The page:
Monday, June 1, 2009

Sound Advice for the Dental Hygenist, the Community College Teacher, the Receptionist, the Middle-Manager, the Director of a Not For Profit?

The Matron thinketh this the height of blindness to the reality of most women, who don't have the luxury to 'just say no' to work.    The Salon interview hints at such blinders,  but treads softly where the Matron would stomp and scream:  OMIGOD you are so lucky you have no idea what it means to worry about the mortgage!

Please, don't misunderstand her.  The Matron longs for and heartily approves of a culture in which nobody is required to work 60 hours a week -- she's of the more leisurely European bent of substantial summer vacation or the reduced work week, for all.  But in the current system and climate, the idea that the afore-linked book will actually help the majority of working women in this country?  Puh-leeze.

But she understands the anxieties pulling the authors to their conclusions:  women not only want more time with their children and extended families, they need more time because -- progress marches on but  is not winning any races, folks -- most women still do more work on the homefront than men.

The Matron thinks that Historiann offers a better, more realistic solution -- the whole get a wife thing.  And the nice part of this piece is that after the pithy punch line, hooking up wifely and all that, comes a real description of what sharing the Mother Lode (traditional female work) might look like.

The Matron, typing this post at a coffee shop while Scarlett is at yet another Theatrical Endeavor, was pleased to see that some - not allr -- that some elements of her marriage strongly resemble Historiann's vision.    At this very moment, John will be returning home from the elementary school with Merrick where he will  check in with Stryker about homework, and facilitate dinner.  

But guess who still sends out all the birthday cards, knows where the dog leash is at all times, and thought to bring Scarlett jewelry-making wire just before she ran out?   You know what she means here.    

Here's where the Matron will go out on a limb.  She thinks women who are wives/partners and mothers in heterosexual relationships downplay or diminish how much more domestic work they do than their partners  precisely because men now do so much more than they ever have historically.  And that's terrific.   Everyone's relationship is all groundbreaking and celebratory in that regard, looking back.  But looking forward?  The Matron isn't satisfied, at least in her sample cohort of --- oh, all current sociological studies and her own critical mass of women folk.  Most women shoulder the heavier domestic burden, even if their work/professional situation would warrant a lighter load and more equitable distribution.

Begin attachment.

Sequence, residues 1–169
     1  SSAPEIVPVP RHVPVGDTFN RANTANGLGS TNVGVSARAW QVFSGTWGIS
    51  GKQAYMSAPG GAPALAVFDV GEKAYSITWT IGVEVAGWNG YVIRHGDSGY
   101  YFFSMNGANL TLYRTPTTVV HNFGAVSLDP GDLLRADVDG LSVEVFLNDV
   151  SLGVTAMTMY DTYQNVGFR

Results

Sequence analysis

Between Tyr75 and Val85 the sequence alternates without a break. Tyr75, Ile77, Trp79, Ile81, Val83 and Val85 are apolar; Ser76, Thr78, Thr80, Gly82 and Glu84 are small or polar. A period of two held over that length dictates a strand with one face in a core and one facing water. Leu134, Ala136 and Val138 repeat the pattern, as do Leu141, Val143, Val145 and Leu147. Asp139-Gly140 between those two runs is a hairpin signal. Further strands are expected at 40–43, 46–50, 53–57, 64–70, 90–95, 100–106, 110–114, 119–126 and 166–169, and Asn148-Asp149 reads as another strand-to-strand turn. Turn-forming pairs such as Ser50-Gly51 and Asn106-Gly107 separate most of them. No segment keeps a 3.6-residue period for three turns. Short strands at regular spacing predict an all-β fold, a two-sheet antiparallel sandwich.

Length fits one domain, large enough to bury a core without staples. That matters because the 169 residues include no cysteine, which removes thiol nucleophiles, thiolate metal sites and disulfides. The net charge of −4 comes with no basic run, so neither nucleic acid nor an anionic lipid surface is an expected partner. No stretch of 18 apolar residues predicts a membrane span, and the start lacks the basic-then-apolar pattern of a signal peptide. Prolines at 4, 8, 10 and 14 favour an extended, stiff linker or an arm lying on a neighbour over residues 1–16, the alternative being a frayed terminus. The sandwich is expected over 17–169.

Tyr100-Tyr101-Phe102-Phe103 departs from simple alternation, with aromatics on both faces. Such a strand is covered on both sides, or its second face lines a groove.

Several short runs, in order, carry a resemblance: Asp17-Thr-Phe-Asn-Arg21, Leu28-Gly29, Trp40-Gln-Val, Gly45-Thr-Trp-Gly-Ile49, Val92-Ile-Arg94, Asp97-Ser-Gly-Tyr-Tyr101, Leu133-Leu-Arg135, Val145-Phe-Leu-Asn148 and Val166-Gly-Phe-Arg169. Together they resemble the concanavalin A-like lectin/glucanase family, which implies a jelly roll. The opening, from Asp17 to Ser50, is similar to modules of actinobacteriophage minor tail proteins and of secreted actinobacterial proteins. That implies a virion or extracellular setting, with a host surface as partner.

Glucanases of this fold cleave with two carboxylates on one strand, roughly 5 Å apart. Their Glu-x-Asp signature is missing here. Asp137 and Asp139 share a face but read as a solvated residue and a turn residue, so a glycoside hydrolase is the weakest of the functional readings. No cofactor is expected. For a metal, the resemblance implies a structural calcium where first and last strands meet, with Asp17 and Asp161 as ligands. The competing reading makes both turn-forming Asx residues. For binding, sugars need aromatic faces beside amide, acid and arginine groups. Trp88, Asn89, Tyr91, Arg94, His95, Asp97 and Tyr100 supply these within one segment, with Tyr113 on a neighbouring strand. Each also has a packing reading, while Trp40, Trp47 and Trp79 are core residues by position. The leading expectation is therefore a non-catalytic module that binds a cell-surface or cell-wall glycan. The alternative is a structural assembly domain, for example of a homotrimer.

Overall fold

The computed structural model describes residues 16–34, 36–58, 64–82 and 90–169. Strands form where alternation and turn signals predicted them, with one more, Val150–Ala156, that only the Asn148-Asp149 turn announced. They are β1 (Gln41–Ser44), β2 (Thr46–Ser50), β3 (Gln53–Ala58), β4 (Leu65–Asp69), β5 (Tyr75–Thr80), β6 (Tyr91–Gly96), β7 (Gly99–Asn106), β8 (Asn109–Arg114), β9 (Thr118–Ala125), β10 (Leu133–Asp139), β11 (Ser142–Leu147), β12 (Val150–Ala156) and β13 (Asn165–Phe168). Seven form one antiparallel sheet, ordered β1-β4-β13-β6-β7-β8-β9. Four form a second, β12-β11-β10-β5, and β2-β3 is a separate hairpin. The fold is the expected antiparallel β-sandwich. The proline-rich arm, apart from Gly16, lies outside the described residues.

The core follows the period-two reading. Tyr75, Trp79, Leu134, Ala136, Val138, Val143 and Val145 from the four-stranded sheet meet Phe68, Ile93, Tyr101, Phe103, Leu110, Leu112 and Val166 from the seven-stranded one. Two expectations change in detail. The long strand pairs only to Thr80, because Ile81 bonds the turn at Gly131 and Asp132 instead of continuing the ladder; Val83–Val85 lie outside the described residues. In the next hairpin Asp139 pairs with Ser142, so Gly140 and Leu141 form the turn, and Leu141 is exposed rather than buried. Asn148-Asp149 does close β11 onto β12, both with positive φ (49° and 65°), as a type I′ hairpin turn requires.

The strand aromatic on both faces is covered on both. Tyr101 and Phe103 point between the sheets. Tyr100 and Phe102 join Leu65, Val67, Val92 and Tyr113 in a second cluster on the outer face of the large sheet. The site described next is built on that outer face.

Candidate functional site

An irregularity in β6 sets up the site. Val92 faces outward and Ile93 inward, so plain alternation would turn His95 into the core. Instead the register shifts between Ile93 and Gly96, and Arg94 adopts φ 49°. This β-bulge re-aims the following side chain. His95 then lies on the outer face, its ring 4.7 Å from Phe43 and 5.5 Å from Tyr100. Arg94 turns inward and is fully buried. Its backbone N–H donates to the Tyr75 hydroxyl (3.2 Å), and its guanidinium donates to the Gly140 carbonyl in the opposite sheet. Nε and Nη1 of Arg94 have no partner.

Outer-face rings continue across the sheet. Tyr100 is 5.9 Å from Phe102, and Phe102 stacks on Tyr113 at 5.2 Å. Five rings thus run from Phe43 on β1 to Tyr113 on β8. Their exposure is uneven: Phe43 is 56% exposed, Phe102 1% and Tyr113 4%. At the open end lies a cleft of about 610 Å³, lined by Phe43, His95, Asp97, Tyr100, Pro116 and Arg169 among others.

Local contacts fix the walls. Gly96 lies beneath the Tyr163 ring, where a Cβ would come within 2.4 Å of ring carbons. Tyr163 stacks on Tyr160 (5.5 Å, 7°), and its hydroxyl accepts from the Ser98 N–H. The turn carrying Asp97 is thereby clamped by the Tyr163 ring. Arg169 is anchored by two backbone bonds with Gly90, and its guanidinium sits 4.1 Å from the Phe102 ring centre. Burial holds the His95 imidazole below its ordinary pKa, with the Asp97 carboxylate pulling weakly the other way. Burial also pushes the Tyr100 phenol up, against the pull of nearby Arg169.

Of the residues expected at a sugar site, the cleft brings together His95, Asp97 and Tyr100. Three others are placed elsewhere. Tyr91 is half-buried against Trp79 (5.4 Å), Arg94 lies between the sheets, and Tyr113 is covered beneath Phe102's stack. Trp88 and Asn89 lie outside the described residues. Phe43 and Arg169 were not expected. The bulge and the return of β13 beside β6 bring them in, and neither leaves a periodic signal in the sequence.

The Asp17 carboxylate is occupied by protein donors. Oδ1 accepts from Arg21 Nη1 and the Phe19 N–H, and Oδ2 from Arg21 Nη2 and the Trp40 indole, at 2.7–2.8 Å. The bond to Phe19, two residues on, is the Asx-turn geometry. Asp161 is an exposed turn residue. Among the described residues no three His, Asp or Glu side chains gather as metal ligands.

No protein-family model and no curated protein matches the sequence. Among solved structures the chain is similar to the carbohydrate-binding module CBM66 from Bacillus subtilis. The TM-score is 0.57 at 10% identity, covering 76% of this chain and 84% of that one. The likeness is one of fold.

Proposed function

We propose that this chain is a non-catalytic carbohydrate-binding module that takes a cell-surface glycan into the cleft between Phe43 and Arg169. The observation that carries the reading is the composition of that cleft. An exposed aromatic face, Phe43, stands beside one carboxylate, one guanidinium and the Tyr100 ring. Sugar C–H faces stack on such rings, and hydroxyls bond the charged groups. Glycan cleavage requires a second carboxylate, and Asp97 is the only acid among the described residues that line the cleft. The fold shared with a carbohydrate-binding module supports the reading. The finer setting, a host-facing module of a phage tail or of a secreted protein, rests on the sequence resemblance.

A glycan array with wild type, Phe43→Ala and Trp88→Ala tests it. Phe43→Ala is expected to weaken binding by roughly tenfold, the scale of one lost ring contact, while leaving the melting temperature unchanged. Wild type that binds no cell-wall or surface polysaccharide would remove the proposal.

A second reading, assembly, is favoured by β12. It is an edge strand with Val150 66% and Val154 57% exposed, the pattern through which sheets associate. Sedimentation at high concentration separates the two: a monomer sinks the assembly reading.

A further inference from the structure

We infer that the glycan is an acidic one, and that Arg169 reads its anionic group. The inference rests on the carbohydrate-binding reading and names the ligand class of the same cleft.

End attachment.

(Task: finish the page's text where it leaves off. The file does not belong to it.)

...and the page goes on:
Marching forward, friends.  Marching forward.  


Jenn @ Juggling Life said...

You are so right--in general, among my friends, the husbands are more than happy to do whatever they're asked. But it is the wife that must think of it in order to ask it.

Suburban Correspondent said...

Again, this problem can never be resolved to everyone's satisfaction because no one admits that if you have a husband and a wife working fulltime, they are both actually working a job and a half (at least). Managing the kids and the household is a full time job also, but no one wants to admit it. That doesn't mean women should stay home; but it does mean that couples might be less stressed if they realize that they are trying to juggle 3 full time jobs between 2 people.

This said by a woman who has just picked up a part-time job because, after 17 years of SAHM-ness, she realized if she stayed home one more day she would go stark raving mad...

thefirecat said...

Um, fatal flaw number one:

Everything in that article assumes that we are married.

Some of us sucked at that. But what's more, there are some of us out there (one of my closest friends is one) who have never harboured the slightest desire to become so.

This post, by the bye, is being written by someone who would be THRILLED if she were given the $10,000 graduate assistantship she's interviewing for this week, because it would effectively double her adjunct salary while she attempts to earn her second master's without imploding (since I had to give up half my classes in order to have time to take any).

Try making a living on THAT. Hell, try even making your car payment on that.

Yeah, Salon. Totally a first world problem. Seriously. And don't even get me started on women in Muslim countries who can't go outside.

Minnesota Matron said...

Firecat: Were you listening to Fresh Air? I'm nearly sick.


JCK said...

Hear! Hear! Marching forward. I think your husband sounds quite lovely in his caretaking. :)